Nursing Continue Education

Community-acquired pneumonia (CAP) / Reading and Sharing

Community-acquired pneumonia (CAP) is an infection that begins outside the hospital or is diagnosed within 48 hours after admission to the hospital in a person who has not resided in a long-term care facility for 14 days or more before admission (Grossman, & Porth, 2014). As according to Ferri (2017), the incidence of community-acquired pneumonia (CAP) is 1 in 100 persons. CAP is the most common infectious cause of death in the U.S. (p. 983).

The most common cause of infection is S. pneumoniae. Other common pathogens include H. influenza, S. aureus, and gram-negative bacilli. Less common agents are Mycoplasma pneumoniae, Legionella, Chlamydia species, and viruses, sometimes called atypical agents. Common viral causes of CAP include the influenza virus, RSV, adenovirus, and parainfluenza virus (Grossman, & Porth, 2014).

The methods used in the diagnosis of CAP depend on age, coexisting health problems, and the severity of illness. In people younger than 65 years of age and without coexisting disease, dx is usually based on

  • History and physical examination
  • Chest radiographs,
  • Knowledge of the microorganisms currently causing infections in the community,
  • Sputum specimens may be obtained for staining procedures and cultures,
  • Blood cultures may be done for people requiring hospitalization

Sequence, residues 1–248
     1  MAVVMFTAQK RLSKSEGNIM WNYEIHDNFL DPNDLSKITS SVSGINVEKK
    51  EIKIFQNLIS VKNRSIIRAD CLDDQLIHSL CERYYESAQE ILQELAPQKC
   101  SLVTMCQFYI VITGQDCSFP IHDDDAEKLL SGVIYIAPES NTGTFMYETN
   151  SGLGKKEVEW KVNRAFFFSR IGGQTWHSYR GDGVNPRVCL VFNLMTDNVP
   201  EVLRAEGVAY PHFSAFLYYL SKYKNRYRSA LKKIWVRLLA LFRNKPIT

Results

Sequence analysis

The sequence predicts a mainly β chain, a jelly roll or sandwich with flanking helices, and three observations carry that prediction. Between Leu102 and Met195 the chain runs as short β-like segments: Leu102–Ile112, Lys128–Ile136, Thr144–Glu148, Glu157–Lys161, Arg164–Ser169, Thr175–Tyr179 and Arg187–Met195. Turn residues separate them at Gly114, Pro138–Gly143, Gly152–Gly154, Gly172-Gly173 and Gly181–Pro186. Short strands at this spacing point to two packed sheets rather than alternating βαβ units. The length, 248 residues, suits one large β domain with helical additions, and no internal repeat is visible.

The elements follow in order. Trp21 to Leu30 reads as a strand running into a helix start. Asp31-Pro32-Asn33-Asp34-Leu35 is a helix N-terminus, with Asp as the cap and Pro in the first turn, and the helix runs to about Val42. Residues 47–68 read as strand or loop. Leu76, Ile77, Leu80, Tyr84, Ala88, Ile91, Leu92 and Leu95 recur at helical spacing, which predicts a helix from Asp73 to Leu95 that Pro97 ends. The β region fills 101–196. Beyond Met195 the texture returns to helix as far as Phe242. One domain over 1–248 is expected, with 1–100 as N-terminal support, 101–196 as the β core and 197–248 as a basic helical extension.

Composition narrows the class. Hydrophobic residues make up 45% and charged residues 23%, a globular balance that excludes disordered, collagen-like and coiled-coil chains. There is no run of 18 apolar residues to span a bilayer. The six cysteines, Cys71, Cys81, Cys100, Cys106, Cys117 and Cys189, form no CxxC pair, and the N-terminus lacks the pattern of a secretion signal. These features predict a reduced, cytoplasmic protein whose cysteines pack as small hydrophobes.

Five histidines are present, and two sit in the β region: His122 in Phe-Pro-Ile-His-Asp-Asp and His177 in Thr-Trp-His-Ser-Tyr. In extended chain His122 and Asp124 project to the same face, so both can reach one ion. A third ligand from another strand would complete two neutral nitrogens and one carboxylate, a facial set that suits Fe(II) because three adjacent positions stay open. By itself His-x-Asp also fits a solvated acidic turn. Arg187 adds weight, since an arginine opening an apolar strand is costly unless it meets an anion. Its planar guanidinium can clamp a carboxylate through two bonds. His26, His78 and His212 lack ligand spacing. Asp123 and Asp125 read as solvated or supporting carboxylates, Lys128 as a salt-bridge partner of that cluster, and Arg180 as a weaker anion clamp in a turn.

• In general, auscultation of patients with pneumonia reveals crackles and diminished breath sounds.
  • Percussion dullness is present if the patient has pleural effusion.

 

  1. S &S of Patient with S. pneumonia (20-60% of CAP cases): high fever, shaking chills, pleuritic chest pain, cough, and copious production of rusty-appearing purulent sputum (Ferri, 2017, p. 983).
  2. S &S of Patient with Mycoplasma pneumonia: insidious onset, headache, dry paroxysmal cough that is worst at night, myalgia, malaise, sore throat, extrapulmonary manifestations. (Ferri, 2017, p. 983).
  3. S &S of Patient with Chlamydia pneumonia: persistent non-productive sour, low-grade fever, headache, sore throat (Ferri, 2017, p. 983).

Nonpharmacologic therapy as according to Ferri (2017) are: avoidance of tobacco use; use oxygen to maintain partial oxygen pressure in arterial blood > 60 mm Hg; IV hydration for correction of dehydration; and assisted ventilation in patients with significant respiratory failure.

Treatment involves the use of appropriate antibiotic therapy. Empiric antibiotic therapy, based on knowledge regarding an antibiotic’s spectrum of action and ability to penetrate bronchopulmonary secretions, often is used for people with community-acquired pneumonia who do not require hospitalization. Hospitalization and more intensive care may be required depending on the person’s age, preexisting health status, and severity of the infection (Grossman, & Porth, 2014).

Macrolides (azithromycin or clarithromycin or levofloxacin is recommended for empiric outpatient treatment of CAP. Cefotaxime or a beta-lactam/ beta-lactamase inhibitor can be added in patients with more severe presentation who insist on outpatient therapy. Duration of treatment ranges from 7 to 14 days. (Ferri, 2017, p. 984).

Patient should also encourage to follow up with primary care providers regularly, and chest x-ray may be taken 4 to 6 weeks after recovery to evaluate lungs for clearing and detect any tumor or underlying cause.

References:

Ferri, F. F. (2017) Ferri’s clinical advisor, 2017, 5 books in 1

Grossman, S. C. & Porth, C. M. (2014) Porth’s pathophysiology: Concepts of altered health states. (9th. Ed)

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